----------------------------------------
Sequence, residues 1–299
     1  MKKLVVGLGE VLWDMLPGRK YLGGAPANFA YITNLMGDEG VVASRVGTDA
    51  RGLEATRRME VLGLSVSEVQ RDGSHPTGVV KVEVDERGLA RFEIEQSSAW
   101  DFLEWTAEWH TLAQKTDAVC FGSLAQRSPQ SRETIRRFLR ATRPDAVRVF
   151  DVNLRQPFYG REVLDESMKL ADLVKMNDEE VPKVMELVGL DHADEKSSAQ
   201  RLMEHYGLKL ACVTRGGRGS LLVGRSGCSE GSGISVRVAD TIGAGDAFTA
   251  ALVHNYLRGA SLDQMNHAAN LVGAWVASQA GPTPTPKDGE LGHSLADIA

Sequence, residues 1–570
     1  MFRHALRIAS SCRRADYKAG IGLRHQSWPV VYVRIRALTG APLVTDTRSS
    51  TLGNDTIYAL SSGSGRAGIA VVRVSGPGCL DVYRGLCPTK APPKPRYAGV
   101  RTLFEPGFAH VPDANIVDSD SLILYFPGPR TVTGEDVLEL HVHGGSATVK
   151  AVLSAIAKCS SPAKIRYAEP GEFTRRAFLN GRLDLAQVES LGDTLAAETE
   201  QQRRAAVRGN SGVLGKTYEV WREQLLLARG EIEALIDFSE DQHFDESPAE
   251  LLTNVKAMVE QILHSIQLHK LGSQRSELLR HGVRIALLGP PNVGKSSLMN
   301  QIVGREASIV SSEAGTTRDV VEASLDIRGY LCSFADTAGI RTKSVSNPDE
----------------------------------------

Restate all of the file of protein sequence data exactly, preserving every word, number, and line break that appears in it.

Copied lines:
Sequence, residues 1–299
     1  MKKLVVGLGE VLWDMLPGRK YLGGAPANFA YITNLMGDEG VVASRVGTDA
    51  RGLEATRRME VLGLSVSEVQ RDGSHPTGVV KVEVDERGLA RFEIEQSSAW
   101  DFLEWTAEWH TLAQKTDAVC FGSLAQRSPQ SRETIRRFLR ATRPDAVRVF
   151  DVNLRQPFYG REVLDESMKL ADLVKMNDEE VPKVMELVGL DHADEKSSAQ
   201  RLMEHYGLKL ACVTRGGRGS LLVGRSGCSE GSGISVRVAD TIGAGDAFTA
   251  ALVHNYLRGA SLDQMNHAAN LVGAWVASQA GPTPTPKDGE LGHSLADIA

Sequence, residues 1–570
     1  MFRHALRIAS SCRRADYKAG IGLRHQSWPV VYVRIRALTG APLVTDTRSS
    51  TLGNDTIYAL SSGSGRAGIA VVRVSGPGCL DVYRGLCPTK APPKPRYAGV
   101  RTLFEPGFAH VPDANIVDSD SLILYFPGPR TVTGEDVLEL HVHGGSATVK
   151  AVLSAIAKCS SPAKIRYAEP GEFTRRAFLN GRLDLAQVES LGDTLAAETE
   201  QQRRAAVRGN SGVLGKTYEV WREQLLLARG EIEALIDFSE DQHFDESPAE
   251  LLTNVKAMVE QILHSIQLHK LGSQRSELLR HGVRIALLGP PNVGKSSLMN
   301  QIVGREASIV SSEAGTTRDV VEASLDIRGY LCSFADTAGI RTKSVSNPDE